Daniel mentioned the end times multiple times, including in chapter 12.
Dan. 12:9 He said, “Go your way, Daniel, for these words are concealed and sealed up until the end time.
We see the last days referred to in Hosea.
Hos. 3:5 Afterward the sons of Israel will return and seek the LORD their God and David their king; and they will come trembling to the LORD and to His goodness in the last days.
Then we see it in Micah.
Mic. 4:1 And it will come about in the last days
That the mountain of the house of the LORD
Will be established as the chief of the mountains.
It will be raised above the hills,
And the peoples will stream to it.
The point of all this is simply to point out that, in the Old Testament, they had this concept of the last days.
Let’s take a look at a timeline to make sure we understand where all of this fits time-wise. This is a timeline of world history. We have 4000BC on the left, which is roughly creation. We have 2000AD on the right which is roughly our day. The Old Testament tells us about people and events from 4000BC up to about 400BC. The New Testament tells us about things from the first century AD.
Adam lived from 4000BC up to roughly 3000BC. Noah lived between 3000BC and 2000BC. Abraham lived just after 2000BC. David lived roughly 1000BC. Jesus, as you know, lived in the first century AD. The book of Jude, which is what we’re focusing on in this series of lessons, was written in the first century AD.
The prophets that we just read from in the Old Testament, who talked about the end times, lived and prophesied roughly between 900BC and about 400BC. These prophecies about the End Time from the Old Testament came very late in the Old Testament time period. Overall, they were just after the middle point of world history. David was pretty much right in the middle of world history.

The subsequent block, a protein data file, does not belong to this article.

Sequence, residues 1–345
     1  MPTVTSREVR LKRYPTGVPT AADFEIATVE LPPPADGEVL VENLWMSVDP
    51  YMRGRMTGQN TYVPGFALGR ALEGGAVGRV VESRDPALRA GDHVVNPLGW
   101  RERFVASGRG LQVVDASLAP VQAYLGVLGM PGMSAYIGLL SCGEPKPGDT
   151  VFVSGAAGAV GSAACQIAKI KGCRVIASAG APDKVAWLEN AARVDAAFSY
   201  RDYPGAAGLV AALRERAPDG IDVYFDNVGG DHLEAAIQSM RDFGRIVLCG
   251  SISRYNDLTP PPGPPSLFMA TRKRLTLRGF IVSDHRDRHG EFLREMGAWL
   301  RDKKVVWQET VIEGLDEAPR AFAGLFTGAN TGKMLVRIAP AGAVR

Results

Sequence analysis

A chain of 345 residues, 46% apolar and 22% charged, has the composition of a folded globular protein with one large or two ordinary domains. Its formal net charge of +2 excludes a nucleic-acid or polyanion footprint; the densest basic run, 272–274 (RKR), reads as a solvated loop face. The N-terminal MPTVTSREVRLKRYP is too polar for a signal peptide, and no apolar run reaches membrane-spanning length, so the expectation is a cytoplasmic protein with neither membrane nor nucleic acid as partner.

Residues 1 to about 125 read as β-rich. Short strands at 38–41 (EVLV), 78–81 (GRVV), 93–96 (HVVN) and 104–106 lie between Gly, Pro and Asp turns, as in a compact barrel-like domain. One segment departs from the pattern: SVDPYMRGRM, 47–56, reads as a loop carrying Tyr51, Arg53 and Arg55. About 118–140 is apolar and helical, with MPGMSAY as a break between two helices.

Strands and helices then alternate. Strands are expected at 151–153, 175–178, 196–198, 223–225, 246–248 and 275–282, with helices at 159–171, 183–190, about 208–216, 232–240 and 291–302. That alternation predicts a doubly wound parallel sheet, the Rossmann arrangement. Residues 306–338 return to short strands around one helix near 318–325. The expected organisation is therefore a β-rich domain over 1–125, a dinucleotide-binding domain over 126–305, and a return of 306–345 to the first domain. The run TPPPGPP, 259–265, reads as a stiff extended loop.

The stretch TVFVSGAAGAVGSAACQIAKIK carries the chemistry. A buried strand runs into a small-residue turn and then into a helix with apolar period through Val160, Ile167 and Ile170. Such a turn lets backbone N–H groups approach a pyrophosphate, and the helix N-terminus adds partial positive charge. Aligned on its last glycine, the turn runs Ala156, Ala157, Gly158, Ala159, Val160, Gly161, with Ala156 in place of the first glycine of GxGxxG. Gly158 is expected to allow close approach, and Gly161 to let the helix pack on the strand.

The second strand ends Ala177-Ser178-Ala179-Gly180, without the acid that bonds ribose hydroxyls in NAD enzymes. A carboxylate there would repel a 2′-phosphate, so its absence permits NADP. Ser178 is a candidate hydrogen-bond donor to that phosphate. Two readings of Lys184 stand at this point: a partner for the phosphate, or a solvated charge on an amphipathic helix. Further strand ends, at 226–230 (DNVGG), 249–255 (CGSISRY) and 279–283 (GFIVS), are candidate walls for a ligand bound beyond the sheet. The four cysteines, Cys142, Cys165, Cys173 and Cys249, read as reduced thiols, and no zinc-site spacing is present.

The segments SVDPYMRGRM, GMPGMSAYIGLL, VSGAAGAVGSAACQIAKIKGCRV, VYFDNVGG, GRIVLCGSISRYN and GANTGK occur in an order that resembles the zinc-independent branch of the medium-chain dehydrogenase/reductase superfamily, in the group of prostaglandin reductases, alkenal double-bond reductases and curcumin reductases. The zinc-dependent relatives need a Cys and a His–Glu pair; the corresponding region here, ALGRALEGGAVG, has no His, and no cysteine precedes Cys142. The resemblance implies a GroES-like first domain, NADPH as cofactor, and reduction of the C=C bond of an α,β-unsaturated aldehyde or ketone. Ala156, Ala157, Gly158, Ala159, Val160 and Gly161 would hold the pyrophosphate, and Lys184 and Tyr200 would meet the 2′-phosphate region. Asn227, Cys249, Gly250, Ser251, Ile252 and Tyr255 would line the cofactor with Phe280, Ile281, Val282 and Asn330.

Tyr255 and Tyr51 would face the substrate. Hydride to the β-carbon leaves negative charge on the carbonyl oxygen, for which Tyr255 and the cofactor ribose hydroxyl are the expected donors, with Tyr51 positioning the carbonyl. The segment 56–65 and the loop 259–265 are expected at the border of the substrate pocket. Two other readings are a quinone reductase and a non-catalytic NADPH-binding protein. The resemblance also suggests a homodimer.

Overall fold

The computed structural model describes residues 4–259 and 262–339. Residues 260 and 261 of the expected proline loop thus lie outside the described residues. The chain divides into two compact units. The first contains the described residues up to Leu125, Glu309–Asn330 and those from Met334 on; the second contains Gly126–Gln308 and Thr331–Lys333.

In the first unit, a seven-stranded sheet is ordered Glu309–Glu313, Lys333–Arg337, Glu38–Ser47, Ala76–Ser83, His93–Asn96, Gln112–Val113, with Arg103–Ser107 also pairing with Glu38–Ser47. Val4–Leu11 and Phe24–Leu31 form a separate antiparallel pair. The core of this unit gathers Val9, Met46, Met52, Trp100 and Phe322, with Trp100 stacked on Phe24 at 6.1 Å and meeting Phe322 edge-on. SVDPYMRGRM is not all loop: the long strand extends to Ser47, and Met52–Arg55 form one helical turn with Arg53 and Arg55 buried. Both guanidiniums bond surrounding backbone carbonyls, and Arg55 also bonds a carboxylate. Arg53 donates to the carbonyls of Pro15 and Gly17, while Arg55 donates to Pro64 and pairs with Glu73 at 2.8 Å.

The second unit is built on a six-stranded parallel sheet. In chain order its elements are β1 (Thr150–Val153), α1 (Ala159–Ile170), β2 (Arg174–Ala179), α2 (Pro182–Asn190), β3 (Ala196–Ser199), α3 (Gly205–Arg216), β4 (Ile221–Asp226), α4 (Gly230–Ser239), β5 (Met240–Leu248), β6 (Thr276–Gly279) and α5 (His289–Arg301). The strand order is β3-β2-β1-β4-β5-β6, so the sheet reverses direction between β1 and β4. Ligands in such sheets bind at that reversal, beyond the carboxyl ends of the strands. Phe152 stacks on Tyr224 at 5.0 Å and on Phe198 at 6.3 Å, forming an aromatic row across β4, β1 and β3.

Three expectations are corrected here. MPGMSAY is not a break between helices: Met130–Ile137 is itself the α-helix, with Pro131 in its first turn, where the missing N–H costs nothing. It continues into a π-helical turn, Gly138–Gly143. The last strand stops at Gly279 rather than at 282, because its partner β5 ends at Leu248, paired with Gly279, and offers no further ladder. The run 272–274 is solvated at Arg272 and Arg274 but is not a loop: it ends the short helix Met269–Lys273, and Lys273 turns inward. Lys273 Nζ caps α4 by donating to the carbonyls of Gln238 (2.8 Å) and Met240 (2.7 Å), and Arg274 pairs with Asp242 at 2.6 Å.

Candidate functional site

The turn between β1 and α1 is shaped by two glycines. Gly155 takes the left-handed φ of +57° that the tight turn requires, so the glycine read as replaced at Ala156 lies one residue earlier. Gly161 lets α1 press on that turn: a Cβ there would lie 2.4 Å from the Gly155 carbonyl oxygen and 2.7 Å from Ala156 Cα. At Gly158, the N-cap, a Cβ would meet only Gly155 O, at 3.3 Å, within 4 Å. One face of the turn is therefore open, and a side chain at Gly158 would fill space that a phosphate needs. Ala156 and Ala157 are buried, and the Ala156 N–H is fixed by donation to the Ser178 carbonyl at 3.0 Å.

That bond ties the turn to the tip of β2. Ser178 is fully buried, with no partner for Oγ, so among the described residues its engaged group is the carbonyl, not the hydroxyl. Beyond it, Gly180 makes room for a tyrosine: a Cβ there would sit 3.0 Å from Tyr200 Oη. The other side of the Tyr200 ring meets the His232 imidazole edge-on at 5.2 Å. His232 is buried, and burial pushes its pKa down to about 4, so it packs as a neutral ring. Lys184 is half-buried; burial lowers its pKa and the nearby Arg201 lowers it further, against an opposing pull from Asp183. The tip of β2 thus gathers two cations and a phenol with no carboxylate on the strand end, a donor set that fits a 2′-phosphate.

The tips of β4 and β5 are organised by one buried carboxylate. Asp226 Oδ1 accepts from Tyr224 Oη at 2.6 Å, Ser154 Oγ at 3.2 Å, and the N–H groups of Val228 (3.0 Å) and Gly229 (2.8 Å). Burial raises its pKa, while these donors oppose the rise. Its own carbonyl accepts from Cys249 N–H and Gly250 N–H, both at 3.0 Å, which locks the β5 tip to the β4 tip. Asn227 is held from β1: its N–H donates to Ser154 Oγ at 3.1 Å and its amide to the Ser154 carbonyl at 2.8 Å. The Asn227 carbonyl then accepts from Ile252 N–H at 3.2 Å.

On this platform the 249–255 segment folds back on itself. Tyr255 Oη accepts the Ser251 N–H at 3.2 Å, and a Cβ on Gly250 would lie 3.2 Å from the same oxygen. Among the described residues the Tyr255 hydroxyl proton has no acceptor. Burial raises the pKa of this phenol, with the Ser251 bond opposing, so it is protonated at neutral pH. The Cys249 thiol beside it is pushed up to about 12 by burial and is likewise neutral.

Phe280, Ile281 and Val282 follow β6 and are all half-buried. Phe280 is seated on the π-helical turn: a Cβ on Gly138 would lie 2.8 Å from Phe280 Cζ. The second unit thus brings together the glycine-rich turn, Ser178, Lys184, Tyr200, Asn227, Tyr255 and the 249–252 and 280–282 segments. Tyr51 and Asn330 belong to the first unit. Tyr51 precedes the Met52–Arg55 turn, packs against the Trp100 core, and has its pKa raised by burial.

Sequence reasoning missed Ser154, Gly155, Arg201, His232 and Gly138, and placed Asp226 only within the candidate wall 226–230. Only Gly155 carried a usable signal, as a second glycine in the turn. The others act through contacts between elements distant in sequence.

That is some context on what the Old Testament says about the end times. The point of this is simply to say that in the Old Testament time period, the prophets did know about the concept of the end times, the end of time, the end of days. Now let’s see what the New Testament has to say about this.
John 6:44 “No one can come to Me unless the Father who sent Me draws him; and I will raise him up on the last day.
Notice the word day is singular. That is important. For example, if you talk about the last day of the year, that means you’re talking about December 31. If you talk about the last days of the year, that means you could be talking about the last week of December, the last two weeks of December, or perhaps the whole month of December.
The same thing is true in the New Testament. Jesus spoke about the last day. The word day is singular. Jesus said He is going to raise people up on the very last day, the very end.
Now let’s scroll down to Hebrews.
Heb. 1:2 in these last days has spoken to us in His Son, whom He appointed heir of all things, through whom also He made the world.
This refers to Jesus coming to earth the first time in the first century AD. We see that that is referred to as the last days. Notice the word days is plural. When the Bible talks about the last days, using the plural form of the word, it’s not just referring to the very end of time that comes after our lifetime. This verse implies you and I are already living in the last days. We’re not necessarily living in the last day, but we are living in the last days.